By 6am I knew I couldn't stay here for the rest of my trip, even though I had already paid for the room for several nights. I chalked it up as money wasted and spent the next few hours researching where else I could go that wouldn't be so bad in the perpetual rain. Luckily, I came across a new hotel in Phuket that wasn't fully occupied (many were since it was the high season) and would let me look at the rooms before booking. By 9:30am, I was on the ferry heading back to the place I had left less than 24 hours earlier. I arrived at the hotel and, even though it was more than three times the amount I paid for my place/mattress in Ko Phi Phi, I booked it and decided it was an early birthday present to myself. It also helped that the rain had briefly stopped and there was a pool right outside my room. So I took advantage, jumped in the pool, lined up my camera on the edge with 10-second timer and captured myself in the water before the rain returned.
THE MOST PAINFUL FLIP FLOPS
Before heading to Australia, I was so excited thinking about seeing my friend, the activities we were going to do and, of course, what I would wear during my time there (perhaps shallow but I'm owning it). I had recently bought these new flip flops that were bedazzled and went well with my Zara romper.
On the day we decided to go to Bondi Beach and do the Coogee to Bondi coastal walk, I decided it was the perfect time to bust out my bedazzled flip flops. After a great lunch at Coogee Pavilion, we headed out to do the walk and took the above picture halfway along the coast. By this time my feet were starting to hurt a little but nothing too crazy.
By the time we reached Bondi Beach, those bedazzled flip flops had turned into the devil. They had slowly been rubbing against my skin and after awhile my poor feet were so chafed, I could barely walk in them. As soon as we got to Bondi Beach, I threw them off and enjoyed my flip flop-less feet for a too brief period of time.
You know when you put painful shoes back on and they're even more painful than before? That was the case when we decided to leave. I was in so much pain, I could barely lift my feet. Luckily, my friend had to make a stop at the Bondi Junction mall, so I headed/hobbled straight for the shoe department in Target (yay for Target in Australia!) and bought some cheap black flats that felt like the most luxurious shoes of all time. I never wore those bedazzled flip flops again.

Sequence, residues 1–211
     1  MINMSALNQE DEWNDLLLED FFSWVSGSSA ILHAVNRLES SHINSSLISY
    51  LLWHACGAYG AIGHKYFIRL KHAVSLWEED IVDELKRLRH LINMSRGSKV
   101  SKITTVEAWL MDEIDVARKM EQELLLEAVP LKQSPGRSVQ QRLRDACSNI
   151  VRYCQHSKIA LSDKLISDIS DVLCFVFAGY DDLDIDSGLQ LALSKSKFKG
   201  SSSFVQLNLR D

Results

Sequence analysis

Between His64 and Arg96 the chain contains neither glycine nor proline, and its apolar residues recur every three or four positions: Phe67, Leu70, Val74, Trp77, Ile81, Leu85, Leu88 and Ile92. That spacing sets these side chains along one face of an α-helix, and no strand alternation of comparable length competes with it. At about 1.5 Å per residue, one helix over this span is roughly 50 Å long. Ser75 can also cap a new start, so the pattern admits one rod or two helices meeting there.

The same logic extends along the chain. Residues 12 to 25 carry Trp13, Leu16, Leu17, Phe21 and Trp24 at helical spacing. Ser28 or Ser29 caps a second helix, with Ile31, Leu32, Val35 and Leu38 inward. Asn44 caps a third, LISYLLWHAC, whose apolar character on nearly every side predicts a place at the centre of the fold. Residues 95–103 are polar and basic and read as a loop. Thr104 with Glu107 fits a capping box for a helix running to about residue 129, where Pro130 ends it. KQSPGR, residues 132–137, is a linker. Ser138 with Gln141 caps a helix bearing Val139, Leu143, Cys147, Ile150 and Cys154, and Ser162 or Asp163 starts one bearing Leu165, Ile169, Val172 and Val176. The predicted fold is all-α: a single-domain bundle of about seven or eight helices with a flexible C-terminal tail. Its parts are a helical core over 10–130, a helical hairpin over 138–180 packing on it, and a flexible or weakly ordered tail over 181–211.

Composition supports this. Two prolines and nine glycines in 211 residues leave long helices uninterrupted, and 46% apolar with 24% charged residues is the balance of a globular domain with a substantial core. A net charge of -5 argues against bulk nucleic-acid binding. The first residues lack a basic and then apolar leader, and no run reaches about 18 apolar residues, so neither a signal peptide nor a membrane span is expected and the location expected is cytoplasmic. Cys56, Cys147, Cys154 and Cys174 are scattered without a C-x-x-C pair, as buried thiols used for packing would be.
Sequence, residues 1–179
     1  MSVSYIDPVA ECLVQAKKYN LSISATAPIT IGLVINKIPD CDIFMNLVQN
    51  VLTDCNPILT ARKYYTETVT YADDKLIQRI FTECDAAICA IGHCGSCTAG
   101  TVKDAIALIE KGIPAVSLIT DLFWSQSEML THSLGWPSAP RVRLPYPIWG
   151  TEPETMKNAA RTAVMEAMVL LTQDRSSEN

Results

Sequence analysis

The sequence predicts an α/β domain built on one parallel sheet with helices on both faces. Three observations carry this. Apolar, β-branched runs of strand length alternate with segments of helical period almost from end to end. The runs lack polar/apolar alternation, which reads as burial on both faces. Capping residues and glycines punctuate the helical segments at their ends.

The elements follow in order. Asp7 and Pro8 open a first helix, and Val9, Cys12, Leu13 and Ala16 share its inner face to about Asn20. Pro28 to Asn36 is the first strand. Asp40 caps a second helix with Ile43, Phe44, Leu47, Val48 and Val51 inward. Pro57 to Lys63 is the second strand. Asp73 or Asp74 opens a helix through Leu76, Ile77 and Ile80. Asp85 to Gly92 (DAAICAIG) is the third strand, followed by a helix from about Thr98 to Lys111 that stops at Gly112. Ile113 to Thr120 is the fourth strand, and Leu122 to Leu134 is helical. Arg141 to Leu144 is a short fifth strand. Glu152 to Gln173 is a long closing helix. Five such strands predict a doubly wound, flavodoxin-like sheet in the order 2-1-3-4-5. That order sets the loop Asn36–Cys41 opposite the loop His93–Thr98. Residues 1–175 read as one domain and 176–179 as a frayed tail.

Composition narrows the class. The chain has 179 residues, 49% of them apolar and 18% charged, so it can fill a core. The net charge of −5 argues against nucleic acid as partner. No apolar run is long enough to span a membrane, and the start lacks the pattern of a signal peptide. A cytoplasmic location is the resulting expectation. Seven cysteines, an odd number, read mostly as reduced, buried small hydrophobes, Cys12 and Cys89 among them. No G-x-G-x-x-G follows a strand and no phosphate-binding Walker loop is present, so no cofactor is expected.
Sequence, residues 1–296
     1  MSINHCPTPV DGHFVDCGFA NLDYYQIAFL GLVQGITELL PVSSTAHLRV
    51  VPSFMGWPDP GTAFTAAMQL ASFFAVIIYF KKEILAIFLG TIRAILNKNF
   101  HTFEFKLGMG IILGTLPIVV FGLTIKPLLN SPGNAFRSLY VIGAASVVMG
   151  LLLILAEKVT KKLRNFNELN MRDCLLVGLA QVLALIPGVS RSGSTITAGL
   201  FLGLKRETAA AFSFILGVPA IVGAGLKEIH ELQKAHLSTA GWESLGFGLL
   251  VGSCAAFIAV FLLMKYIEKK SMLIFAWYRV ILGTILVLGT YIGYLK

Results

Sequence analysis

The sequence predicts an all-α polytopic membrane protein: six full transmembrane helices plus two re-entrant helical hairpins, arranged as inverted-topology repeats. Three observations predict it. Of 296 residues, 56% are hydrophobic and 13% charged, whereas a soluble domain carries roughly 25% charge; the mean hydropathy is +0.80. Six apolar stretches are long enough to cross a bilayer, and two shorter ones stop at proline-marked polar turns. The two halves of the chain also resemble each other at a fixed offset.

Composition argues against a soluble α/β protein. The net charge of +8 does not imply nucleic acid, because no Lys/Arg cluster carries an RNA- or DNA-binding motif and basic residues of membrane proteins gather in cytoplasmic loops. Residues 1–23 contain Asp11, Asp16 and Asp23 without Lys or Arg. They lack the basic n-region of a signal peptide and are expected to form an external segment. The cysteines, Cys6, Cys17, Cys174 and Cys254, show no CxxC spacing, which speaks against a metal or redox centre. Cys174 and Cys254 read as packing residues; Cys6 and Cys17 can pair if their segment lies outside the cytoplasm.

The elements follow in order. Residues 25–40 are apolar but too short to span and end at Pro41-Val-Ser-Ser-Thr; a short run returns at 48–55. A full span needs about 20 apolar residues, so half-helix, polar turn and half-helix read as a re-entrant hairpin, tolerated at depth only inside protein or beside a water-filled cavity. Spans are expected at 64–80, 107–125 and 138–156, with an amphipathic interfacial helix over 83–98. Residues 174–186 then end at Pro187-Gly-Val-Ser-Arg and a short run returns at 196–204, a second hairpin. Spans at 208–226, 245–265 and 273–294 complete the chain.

LEFT AT THE TRAIN STATION
I've written a little bit about this before, and to this day, it remains one of the most memorable moments from my travels. It's also a cautionary tale for anyone traveling with a large group to make sure everyone is accounted for.
After attending a wedding in Jaipur, my family and I got on the train back to Delhi with what was probably double the amount of luggage we arrived with. The Delhi train station has porters who help you with your luggage, and we had also arranged for three cars to pick up the eight of us. Before arriving, we decided the easiest way to keep track of everything was to follow our luggage to whichever car it went to. We all did this successfully, except my mom, though we didn't realize this until after we left the Delhi train station.
While driving to our hotel (we had left the train station about 20 minutes before), we realized the three cars had two people in one, two people in another and three people in the third. Hm, that's seven but we're supposed to be eight, I remember thinking at the time.
Turns out we left my mom at the train station, and while it certainly makes for a funny story now, we were actually pretty stressed and panicked about the whole thing at the time, as we had no way of getting in touch with my mom, and when we drove back to the Delhi train station, the place that had been overflowing with people had turned into a ghost town. Luckily, my mom knew where to go and sought the help of a train station employee to help her get a taxi to the hotel. It's a story we can all laugh about now but in all seriousness, make sure you always have everyone accounted for!
RUNNING TO CATCH THE BOAT
Though this is technically not a photo from vacation, it illustrates some of what I mean about not judging someone's life off of a series of carefully curated photos. This photo came from an event I attended after work one day. Despite finishing up work early, I decided to pass the time by surfing the Internet until it was time to leave for the Travel Massive boat cruise happening that night. When it was time to leave, I got on the subway train and started heading downtown, only to be told all express trains were going local due to switch signal problems. I started to sweat a little when I realized how many stops I would be making on the now-local train. Add that on top of usual rush hour traffic and the backed up trains were running incredibly slow.
I ended up getting off the train to get on what I thought would be a faster train, except it wasn't. By the time I got off the subway, it was 7:05 p.m. and the boat cruise invite had said last boarding was at 7 p.m. I was still about 15 minutes walk from the boat, so I had two choices: run or just give up. Well, I really wanted to get on that boat so I ran in the 98-degree heat to the dock.
Luckily, the boat was still there as I ran, frantically waving and yelling for them to wait for me. The poor woman checking names must have thought I was crazy, but I didn't care; I had successfully made it onto the boat with literally a minute to spare (the boat left not even one minute after I boarded). As soon as I got on the boat, I mopped up my sweaty face, snagged a glass of prosecco and walked outside to enjoy the view and my successful albeit stressed run to the boat.
These are just a few examples, but the main message is: there's always more to the story than what you see. Don't judge a book by its cover, and don't judge a vacation (or a life) by someone's social media photos.